China's nylon 6 tariff could tie trade relations in knots
In an interesting demonstration of the extreme specificity of international trade, China's Ministry of Commerce recently levied a 30 percent tariff on imports of a specific artificial fiber -- nylon 6 -- from the United States, Russia, the European Union and Taiwan. Monday's announcement was greeted with displeasure by companies that produce the material, including Honeywell (HON) and BASF (BASF).
In some ways, the Chinese tariff on nylon 6 operates as a useful lesson in the dangers of trade restrictions. As the Chinese Ministry of Commerce noted, one of the fiber's major uses is as a material for tire cords. Given the US' recent decision to levy tariffs on cheap Chinese tires, the move to limit imports of nylon 6 seems like a not-so-subtle hint about the interconnectedness of global industry. Effectively, the Chinese seem to be conveying the message that restrictions on the free flow of goods can cut both ways.
If a trade war is to commence, the next move would be for the United States to limit imports of yet another Chinese product that uses nylon 6. This could include toothbrushes, hosiery, guitar strings, rope, nets, threads, and surgery sutures. Positioned as a move to stimulate domestic consumption of the fiber, this would actually have the net effect of benefiting an American industry, undermining a Chinese industry, raising prices for consumers and spreading the impact of the current trade war.
While much has been made about the positive effects of tariffs on American business, US tire manufacturers like Bridgestone (BRDCY) and Goodyear (GT) have been less than enthusiastic about the move. This is hardly surprising; both companies have factories in China that produce their cheapest tire models. In fact, a case could be made that the 35 percent tariff on economy tires is, essentially, a 35 percent tax on the people who buy those tires. This, in turn, would affect tire buyers, tire sellers and tire companies. In fact, the only group that seems truly overjoyed at the tariff is the United Steelworkers, which blames Chinese tire imports for the loss of thousands of American jobs.
From one angle, China has much to lose from a trade war. Although the Middle Kingdom is trying to amp up its domestic consumption, America still remains the biggest market in the world, and limiting China's access to Walmart and Target would be devastating. Analysts have predicted that the 35 percent tariff on tires, for example, could cost Chinese companies as much as $1 billion and will probably result in the loss of 50,000 to 60,000 jobs. If this expands into other industries, the effect on China could be devastating.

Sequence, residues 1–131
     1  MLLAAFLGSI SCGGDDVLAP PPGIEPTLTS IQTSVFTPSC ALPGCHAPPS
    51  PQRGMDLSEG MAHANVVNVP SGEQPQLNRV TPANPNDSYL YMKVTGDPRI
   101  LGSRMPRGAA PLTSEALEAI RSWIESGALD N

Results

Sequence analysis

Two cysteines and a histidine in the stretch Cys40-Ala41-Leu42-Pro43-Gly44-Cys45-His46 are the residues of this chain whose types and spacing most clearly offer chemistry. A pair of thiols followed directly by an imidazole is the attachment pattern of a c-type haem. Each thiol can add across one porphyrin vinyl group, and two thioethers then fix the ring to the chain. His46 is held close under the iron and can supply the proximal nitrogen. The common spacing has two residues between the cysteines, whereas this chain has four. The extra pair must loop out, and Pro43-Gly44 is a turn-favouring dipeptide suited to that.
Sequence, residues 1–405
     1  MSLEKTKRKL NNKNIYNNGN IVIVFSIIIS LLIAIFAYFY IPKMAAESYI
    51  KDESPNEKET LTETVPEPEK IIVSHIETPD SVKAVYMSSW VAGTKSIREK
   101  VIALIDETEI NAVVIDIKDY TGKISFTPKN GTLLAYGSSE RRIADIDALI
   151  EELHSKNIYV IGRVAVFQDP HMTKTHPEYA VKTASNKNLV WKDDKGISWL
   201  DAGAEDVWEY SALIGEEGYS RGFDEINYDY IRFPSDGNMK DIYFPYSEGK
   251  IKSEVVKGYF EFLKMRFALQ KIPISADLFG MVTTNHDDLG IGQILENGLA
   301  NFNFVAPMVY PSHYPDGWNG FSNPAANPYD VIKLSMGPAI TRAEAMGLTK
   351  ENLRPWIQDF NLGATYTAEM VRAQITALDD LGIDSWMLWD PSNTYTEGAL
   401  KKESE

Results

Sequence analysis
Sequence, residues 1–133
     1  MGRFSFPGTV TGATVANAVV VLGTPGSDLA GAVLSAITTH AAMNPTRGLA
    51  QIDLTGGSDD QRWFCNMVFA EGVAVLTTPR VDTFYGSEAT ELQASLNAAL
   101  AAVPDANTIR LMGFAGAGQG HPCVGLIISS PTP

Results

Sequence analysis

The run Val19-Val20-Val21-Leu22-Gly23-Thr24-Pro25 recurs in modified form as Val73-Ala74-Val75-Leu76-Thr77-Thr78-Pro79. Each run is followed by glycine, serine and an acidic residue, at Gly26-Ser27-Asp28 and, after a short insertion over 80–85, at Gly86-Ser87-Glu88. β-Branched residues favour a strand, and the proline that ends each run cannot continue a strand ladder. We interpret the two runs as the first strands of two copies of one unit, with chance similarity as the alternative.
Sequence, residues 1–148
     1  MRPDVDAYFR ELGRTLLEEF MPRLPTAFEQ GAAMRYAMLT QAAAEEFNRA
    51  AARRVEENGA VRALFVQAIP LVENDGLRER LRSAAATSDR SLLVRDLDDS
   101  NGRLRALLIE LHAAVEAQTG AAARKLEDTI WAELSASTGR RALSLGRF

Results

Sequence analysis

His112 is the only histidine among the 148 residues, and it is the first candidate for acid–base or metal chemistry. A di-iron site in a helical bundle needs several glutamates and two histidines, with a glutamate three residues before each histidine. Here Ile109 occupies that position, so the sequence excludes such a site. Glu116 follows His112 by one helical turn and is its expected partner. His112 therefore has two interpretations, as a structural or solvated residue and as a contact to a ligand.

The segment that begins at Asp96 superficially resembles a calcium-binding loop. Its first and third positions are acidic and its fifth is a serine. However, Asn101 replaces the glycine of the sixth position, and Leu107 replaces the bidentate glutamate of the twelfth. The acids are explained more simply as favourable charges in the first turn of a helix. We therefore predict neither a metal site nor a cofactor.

As we have so often heard, China has an ace in the hole. The continued health of the American economy -- not to mention the Obama stimulus program -- is dependent upon China's willingness to continue financing American debt. As Daily Finance's Charles Hugh Smith notes, if the Chinese chose to dump their "$2 trillion stash of US bonds and dollars," the plummeting dollar would kill American sales, as imported goods would suddenly become prohibitively expensive.
For China, however, this would be suicidal. Not only would it price itself out of the world's biggest market, but it could, conceivably, lower the price on American manufactured goods to the point that they would be positioned to compete with Chinese products on the world market. Also, as recent events have shown, in the event of a Chinese move to destabilize the dollar, European markets would likely move to keep the dollar propped up. After all, regardless of anything else, America is still the world's marketplace.
Ultimately, then, America and China seem locked in a Mexican standoff that is oddly reminiscent of the Cold War. As each side maintains a stockpile of tools of economic destruction, the key seems to lie in moderate responses to the trade imbalance. China's lax quality inspections, cheap labor and antidemocratic government put it in a position to undercut most other countries when it comes to manufacturing consumer products. A measured American response to these cheap goods seems likely to stimulate American business; similarly, a measured Chinese response is hardly likely to pull the rug out from under American industry. As this back-and-forth play continues, the best hope is that these two close economic partners will reach a sustainable equilibrium.